About the coalition

Man and boy seated in front of group of children.A historical commitment to global health research has led to the development of lifesaving health tools, such as antiretroviral drugs for HIV/AIDS. Peter Lumumba, a father of six, was first diagnosed with HIV in 1987 and started antiretroviral treatment in 2006. He said of his treatment, “Without the research that led to this lifesaving medicine, I would have already died.”  Photo: PATH/Evelyn Hockstein.

Advocating for technologies to improve global health

The Global Health Technologies Coalition (GHTC) is a group of more than 25 nonprofit organizations working to increase awareness of the urgent need for technologies that save lives in the developing world.

Funded in part by the Bill & Melinda Gates Foundation and housed at PATH, the coalition does not advocate for specific diseases, drugs, or devices. Rather, we support policies and funding that advance the goals of global health research and development in many areas.

How we do it

The coalition works to:

  • Build and support an informed and influential constituency for global health technologies.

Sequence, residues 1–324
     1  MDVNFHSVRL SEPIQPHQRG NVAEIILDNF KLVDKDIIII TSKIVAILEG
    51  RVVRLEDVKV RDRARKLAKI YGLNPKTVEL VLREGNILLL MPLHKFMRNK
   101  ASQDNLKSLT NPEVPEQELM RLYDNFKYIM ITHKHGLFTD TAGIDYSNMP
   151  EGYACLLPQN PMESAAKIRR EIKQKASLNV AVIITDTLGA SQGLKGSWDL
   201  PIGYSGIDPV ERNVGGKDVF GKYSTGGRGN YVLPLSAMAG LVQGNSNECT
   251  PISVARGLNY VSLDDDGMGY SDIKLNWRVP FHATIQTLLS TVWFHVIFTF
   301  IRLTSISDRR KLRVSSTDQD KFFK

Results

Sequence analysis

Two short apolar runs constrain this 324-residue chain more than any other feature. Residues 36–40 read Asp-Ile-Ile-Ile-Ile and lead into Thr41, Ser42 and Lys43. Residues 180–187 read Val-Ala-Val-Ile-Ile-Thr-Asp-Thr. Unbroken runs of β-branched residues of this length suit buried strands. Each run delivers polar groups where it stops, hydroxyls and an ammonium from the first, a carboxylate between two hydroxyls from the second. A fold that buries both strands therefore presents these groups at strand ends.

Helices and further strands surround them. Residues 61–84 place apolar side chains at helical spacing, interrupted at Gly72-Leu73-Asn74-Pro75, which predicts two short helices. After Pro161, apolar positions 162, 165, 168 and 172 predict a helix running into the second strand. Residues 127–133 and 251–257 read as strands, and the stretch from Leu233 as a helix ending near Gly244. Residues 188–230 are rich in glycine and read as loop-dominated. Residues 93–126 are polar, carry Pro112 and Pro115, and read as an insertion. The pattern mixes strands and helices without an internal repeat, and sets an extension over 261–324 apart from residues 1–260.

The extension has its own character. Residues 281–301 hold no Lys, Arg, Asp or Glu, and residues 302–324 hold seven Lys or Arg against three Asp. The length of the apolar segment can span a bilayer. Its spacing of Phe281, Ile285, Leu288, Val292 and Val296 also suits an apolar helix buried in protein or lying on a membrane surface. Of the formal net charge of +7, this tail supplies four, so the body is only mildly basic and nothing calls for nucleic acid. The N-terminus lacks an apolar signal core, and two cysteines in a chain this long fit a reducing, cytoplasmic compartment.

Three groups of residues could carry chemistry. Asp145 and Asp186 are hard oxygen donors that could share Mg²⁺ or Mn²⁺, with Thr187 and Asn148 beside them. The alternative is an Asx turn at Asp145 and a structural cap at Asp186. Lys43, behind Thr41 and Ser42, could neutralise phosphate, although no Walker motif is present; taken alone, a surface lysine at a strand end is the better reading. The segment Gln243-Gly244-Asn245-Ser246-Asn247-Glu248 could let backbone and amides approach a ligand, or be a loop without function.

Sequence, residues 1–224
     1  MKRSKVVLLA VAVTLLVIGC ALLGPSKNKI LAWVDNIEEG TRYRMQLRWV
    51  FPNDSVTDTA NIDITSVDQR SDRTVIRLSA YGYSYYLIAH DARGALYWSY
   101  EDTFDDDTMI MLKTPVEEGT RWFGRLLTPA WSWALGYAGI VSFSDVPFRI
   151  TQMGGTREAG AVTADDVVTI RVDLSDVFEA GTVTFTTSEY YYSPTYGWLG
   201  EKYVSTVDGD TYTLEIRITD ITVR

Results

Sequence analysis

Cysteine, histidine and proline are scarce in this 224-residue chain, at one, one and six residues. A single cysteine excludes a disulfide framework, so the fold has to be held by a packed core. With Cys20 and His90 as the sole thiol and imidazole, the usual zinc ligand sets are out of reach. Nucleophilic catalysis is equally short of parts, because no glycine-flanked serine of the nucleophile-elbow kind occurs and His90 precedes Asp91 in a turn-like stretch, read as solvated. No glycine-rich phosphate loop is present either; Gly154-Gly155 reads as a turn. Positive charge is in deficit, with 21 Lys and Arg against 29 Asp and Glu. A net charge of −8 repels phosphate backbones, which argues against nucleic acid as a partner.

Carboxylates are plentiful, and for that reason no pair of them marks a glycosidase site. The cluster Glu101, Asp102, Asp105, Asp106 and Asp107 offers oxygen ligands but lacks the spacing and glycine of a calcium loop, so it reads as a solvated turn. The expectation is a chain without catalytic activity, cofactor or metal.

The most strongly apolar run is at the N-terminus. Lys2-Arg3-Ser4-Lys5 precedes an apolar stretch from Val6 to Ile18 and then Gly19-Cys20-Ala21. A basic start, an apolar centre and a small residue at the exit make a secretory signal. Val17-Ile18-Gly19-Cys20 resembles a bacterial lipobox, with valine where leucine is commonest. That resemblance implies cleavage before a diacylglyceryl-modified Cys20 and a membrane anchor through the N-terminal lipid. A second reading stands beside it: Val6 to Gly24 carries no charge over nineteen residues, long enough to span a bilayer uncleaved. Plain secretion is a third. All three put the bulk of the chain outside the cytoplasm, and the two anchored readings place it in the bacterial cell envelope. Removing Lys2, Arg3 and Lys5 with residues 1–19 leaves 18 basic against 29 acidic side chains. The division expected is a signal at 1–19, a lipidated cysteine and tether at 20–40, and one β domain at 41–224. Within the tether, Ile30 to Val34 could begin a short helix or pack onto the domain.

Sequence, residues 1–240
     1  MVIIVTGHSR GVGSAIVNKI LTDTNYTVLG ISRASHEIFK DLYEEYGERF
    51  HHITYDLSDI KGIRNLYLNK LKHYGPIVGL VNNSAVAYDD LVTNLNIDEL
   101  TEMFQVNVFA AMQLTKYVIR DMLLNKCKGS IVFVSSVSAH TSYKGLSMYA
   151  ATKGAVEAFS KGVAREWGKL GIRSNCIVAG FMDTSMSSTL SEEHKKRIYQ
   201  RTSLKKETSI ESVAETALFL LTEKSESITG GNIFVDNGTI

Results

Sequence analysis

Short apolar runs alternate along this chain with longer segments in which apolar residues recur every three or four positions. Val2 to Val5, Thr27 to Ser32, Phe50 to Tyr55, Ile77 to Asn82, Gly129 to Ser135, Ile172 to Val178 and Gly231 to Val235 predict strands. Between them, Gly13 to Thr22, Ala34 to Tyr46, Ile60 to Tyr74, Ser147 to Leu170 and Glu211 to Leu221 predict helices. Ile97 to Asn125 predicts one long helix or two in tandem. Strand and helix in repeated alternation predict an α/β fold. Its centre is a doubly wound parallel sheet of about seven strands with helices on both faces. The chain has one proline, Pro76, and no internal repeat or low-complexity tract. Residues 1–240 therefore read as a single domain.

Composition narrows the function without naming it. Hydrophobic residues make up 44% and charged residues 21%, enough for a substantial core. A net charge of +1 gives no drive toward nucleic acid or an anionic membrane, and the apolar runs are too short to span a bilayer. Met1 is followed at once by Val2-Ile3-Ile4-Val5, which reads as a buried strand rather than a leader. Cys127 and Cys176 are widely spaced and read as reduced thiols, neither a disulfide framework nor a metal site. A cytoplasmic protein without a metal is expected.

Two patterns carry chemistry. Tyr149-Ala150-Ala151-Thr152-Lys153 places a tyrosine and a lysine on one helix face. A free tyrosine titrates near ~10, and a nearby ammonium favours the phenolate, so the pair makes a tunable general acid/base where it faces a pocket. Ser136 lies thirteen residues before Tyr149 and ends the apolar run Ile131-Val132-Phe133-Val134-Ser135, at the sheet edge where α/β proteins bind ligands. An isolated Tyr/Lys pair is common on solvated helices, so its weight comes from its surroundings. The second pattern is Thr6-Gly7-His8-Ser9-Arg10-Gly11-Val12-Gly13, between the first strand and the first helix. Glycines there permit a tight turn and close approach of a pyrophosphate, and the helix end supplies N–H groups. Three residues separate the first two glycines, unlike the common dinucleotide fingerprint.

• Conduct policy analysis to inform, develop, and pursue a strategic advocacy agenda.
  • Conduct outreach and pursue strategic alliances.
  • Educate and inform policymakers.

Through policy analysis, strategic alliances, and outreach to US policymakers, the coalition advocates for new vaccines, microbicides, drugs, devices, and diagnostics that will improve health in developing countries. Coalition members advocate for specific topics, including:

  • Public financing. We call for increased financing, coordination, and strategic investments by the US government in global health research and development.
  • Regulatory pathways. We advocate for streamlined regulatory processes to accelerate licensing of safe and effective global health technologies.
  • Incentives and innovative financing. We support the adoption of new market-based incentives to encourage private industry investments in global health research and development.

Why we’re needed

Health technologies have the potential to save millions of lives each year. The world urgently needs new vaccines, drugs, microbicides, and diagnostic tests to slow the global threat of diseases, including malaria, tuberculosis, and HIV and AIDS, and to tackle many other pressing health needs. Sufficient funding for research and development, a simpler regulatory process for new technologies, and increased interest by private industry can help deliver new health solutions for the developing world.

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